Chattanooga Times Free Press
Study: Many who report harassment face retaliation
Three years into the #MeToo movement, there may be more awareness around workplace sexual harassment. But a new report finds that almost three-quarters of people reporting such harassment suffer from retaliation if they complain.
More than 7 out of 10 people who reported sexual harassment at the workplace said they faced some form of retaliation, up to and including being fired, said the report. It analyzed 3,317 online requests for legal help from the Time’s Up Legal Defense Fund, between January 2018 and the end of April 2020.
The finding on retaliation was one of the most striking of the broad-ranging report, shared with The Associated Press ahead of its release Thursday. It also found that workplace harassment severely impacted workers’ economic, physical and mental health, and that often, people were subjected to more than one form of workplace harassment — both sexual and racial, for example.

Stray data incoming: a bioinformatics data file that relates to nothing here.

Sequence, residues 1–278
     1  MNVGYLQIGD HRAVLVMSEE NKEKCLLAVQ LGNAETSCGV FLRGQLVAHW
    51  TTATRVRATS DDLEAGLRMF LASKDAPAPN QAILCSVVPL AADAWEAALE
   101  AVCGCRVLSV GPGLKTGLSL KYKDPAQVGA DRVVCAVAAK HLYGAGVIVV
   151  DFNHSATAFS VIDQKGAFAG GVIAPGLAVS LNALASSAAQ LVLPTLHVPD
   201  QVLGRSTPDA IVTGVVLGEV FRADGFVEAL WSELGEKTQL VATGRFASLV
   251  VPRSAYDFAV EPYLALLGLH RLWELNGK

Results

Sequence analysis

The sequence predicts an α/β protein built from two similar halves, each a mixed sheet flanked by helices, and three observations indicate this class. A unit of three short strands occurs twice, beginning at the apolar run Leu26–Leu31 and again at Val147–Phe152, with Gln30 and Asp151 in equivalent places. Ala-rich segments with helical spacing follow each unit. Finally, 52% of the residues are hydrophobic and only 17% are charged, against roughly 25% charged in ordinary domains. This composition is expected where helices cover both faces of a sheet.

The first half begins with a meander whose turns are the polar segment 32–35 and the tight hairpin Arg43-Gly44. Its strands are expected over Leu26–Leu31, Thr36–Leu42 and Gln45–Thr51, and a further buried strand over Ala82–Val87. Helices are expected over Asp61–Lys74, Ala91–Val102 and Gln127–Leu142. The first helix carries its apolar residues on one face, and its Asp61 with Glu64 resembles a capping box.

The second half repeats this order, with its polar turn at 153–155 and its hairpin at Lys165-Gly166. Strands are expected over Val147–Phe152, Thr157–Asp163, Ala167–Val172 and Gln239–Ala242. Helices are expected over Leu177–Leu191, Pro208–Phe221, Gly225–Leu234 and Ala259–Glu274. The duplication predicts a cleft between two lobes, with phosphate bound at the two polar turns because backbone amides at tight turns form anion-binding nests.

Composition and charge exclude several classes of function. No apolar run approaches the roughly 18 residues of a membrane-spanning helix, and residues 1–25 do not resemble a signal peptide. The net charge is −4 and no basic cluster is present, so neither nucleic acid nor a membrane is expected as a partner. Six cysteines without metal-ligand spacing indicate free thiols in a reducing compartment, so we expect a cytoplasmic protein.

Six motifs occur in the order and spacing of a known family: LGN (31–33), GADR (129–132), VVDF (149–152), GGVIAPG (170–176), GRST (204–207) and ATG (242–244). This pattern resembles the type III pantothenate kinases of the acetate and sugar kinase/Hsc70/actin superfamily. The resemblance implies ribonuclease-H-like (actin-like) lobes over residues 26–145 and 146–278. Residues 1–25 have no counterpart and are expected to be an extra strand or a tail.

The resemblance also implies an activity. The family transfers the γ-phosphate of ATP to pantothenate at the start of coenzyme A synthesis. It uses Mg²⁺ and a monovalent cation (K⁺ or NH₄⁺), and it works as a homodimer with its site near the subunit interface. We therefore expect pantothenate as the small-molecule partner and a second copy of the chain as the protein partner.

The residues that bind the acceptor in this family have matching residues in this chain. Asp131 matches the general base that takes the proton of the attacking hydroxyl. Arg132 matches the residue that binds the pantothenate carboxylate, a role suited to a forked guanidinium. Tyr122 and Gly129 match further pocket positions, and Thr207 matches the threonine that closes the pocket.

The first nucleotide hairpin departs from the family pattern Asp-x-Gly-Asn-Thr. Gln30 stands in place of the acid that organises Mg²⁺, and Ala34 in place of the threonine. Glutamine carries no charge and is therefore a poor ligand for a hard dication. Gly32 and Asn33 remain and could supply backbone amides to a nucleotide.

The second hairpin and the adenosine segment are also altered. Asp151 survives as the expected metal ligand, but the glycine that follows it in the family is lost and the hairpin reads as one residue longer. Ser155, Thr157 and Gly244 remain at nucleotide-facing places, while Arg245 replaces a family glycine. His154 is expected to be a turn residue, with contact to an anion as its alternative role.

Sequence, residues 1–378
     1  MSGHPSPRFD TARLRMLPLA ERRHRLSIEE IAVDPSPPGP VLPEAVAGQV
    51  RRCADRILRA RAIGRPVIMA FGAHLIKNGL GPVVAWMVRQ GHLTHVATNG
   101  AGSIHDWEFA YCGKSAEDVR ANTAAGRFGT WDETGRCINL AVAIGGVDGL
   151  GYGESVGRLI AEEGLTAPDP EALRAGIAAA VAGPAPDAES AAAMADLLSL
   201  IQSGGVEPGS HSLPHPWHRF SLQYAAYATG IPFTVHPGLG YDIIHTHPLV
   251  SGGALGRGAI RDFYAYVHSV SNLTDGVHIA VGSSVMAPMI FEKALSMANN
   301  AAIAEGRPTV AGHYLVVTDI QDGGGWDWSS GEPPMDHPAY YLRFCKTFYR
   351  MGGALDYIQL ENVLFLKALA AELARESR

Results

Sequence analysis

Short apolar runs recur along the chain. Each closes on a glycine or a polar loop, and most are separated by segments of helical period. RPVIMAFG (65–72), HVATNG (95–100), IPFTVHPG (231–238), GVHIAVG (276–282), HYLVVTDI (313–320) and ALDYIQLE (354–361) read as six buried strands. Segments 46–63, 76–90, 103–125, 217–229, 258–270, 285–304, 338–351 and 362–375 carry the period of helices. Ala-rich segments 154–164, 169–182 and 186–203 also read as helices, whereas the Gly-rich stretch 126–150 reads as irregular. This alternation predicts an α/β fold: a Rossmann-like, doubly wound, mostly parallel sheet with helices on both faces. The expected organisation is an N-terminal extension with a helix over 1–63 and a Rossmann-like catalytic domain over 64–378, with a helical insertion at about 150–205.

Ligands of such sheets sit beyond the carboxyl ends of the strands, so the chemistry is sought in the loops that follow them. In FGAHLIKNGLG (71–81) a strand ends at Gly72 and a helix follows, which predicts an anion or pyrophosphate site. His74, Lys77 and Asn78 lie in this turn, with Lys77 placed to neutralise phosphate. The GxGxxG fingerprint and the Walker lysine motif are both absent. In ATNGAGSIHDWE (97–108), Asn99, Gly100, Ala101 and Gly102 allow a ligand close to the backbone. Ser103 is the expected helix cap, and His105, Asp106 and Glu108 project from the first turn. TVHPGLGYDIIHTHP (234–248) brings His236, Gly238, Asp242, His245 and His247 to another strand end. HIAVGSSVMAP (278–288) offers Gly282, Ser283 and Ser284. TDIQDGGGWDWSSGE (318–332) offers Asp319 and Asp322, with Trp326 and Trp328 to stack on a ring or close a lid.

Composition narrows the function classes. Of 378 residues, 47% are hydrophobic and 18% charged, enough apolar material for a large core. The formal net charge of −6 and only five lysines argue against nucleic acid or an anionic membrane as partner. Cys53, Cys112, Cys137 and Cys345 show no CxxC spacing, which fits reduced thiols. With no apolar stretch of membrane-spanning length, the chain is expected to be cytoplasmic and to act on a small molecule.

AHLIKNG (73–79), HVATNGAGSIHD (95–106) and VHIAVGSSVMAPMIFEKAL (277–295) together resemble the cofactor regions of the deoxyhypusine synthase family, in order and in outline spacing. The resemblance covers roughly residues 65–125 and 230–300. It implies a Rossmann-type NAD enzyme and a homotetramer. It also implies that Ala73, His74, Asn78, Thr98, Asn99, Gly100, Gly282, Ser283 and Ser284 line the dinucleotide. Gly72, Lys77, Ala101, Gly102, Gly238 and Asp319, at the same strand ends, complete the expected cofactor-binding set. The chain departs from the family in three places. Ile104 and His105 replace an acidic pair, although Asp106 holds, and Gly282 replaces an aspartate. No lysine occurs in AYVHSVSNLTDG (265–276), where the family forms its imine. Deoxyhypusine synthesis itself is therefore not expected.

The study was conducted by the National Women’s Law Center, which houses and administers the Time’s Up Legal Defense Fund, launched in early 2018 to help workers who otherwise wouldn’t be able to afford to take their complaints of sexual misconduct to court. It connects them with legal assistance and in some cases helps defray costs.
“Retaliation takes all different forms,” Sharyn Tejani, director of the fund, said. “Losing your job, losing shifts, losing pay — or if you’ve already lost your job, you can’t find another job in that industry.”
Also, Tejani noted, is the complication of the coronavirus pandemic.
“So now you have a situation where there’s incredibly high unemployment, some jobs are going away and never coming back, and so for all the reasons that people are afraid of reporting and afraid of being retaliated against, COVID-19 ... makes it so much worse and so much more problematic.”